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Need some advice,

Hi everyone,

I was wondering if I can get some advice on what to do with a problem I have with the steam boiler in the house. The pipe that leads to what use to be the hot water tank in the boiler for the house is sort of begging to leak. The previous owners 12+ years ago apparently had problems with it and wrapped it in an aluminum hose and used radiator clamps in several places? It did hold for a few years, but it is begging to leak again and the metal looks rotted.

I was wondering if this can be a DYI project or if a professional can come out and fix that section, (replace, or install something to close it since it is not being used.) Usually simple things I try to do on my own, but I try to avoid things that might get me way over my head and making a even bigger mess. The previous owner ended up adding a separate hot water heater for the house rather then use the steam boiler.

This boiler despite looking like in pretty rough shape has been good to us, it runs on milivolts so during the 2 hurricanes and snow storms when the power was out, most outage was 3 days for us, we still had heat during the cold seasons.

It still needs to be manually fed water, which we don't mind, although the fish eye glass could use a cleaning.. Also a warning the steam pipes that are fed to the radiators in the house and connecting to the boiler are asbestos. We try not to aggravate it because its the fibers in the air that are the problem. Leaving them alone they work as a good insulator.

The steam boiler is labeled American Radiator? The metal plate series on it have seem to faded. I attached a few pictures so people can look at it. I have the front of the steam boiler of what it looks like and the back of the boiler of the old hot water heater and the pipe in question. The pipe is on the bottom in the second picture.

I am in the State of Rhode Island, near the Providence/ Cranston line. Maybe I should find someone to come and get a good overall look at the system? We are on a budget ourselves, the last person to look at it ~5 years ago recommend that we replace it with a new more efficient system, since everything seems to be rusted and the boiler was oversize for the house. It is working and although it may not be efficient we have been pretty happy with it.

It has not given us any problems other then this leak that seems to be occurring, but it is not surprise since the previous owner only band-aid it, and it lasted over 10 years like that.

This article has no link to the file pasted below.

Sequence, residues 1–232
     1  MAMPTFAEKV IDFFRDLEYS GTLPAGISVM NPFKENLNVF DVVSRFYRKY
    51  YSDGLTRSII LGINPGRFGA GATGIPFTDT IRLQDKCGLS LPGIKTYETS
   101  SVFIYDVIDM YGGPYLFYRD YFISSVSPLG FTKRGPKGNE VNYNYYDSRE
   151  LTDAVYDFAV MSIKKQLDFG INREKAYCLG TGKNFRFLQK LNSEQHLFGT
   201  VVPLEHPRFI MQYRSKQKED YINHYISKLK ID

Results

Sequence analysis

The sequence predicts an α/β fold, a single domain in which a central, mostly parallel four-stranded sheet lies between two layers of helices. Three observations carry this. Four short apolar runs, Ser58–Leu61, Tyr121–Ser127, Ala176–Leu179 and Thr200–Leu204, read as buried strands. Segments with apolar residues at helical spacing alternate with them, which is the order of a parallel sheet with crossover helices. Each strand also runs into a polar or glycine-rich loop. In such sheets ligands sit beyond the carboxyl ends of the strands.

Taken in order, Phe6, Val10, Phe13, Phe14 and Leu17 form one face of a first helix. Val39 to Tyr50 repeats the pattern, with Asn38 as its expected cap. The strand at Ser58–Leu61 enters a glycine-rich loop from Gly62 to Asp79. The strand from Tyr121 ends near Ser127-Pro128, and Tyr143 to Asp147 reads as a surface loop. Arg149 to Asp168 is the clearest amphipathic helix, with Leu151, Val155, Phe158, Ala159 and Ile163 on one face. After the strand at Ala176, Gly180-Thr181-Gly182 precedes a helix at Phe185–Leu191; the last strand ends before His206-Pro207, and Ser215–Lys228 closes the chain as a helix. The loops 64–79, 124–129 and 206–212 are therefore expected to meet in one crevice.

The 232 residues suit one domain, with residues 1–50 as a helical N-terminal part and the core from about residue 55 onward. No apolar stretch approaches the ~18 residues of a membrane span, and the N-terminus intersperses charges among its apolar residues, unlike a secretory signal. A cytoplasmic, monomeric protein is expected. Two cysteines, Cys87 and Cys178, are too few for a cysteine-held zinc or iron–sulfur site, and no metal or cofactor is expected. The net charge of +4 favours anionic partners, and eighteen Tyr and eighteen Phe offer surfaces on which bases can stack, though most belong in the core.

Thoughts? Is it an easy DYI fix with some tools, or should I get a professional to come out and repair that section and have them do a complete inspection and look at the boiler? Anyone know who in the State of Rhode Island or nearby can come by and take a look at it.

I am hoping to have the problem fixed since it is begging to leak vs when it cracks and water starts filling the basement.



Comments

  • FredFred Posts: 7,915Member
    Not knowing your skill set, if it were me, I think I'd get a Pro in there to take that tank and the piping to it completely off and put plugs in the boiler tapings, since it isn't used anymore. It is a great idea to have the boiler inspected and cleaned as well. I am sure they will suggest a new, more effecient bolier but sometimes, if the boiler is in good shape, it is easier to pay a little every month in additional fuel costs than it is to spend a lot up front for a new boiler installation. You just have to do what you can, when you can. Do get that leak fixed and the boiler inspected/cleaned.
  • Jamie HallJamie Hall Posts: 10,657Member
    To which I might add -- you can wrap that asbestos insulation in plaster impregnated gauze (craft and hobby stores have it, as well as other places -- doctors use it to make casts!). That will neatly encapsulate the asbestos and pretty well eliminate that worry. That is a do it yourself, though a bit messy!
    Jamie



    Building superintendent/caretaker, 7200 sq. ft. historic house museum with dependencies in New England.



    Hoffman Equipped System (all original except boiler), Weil-Mclain 580, 2.75 gph Carlin, Vapourstat 0.5 -- 6.0 ounces per square inch
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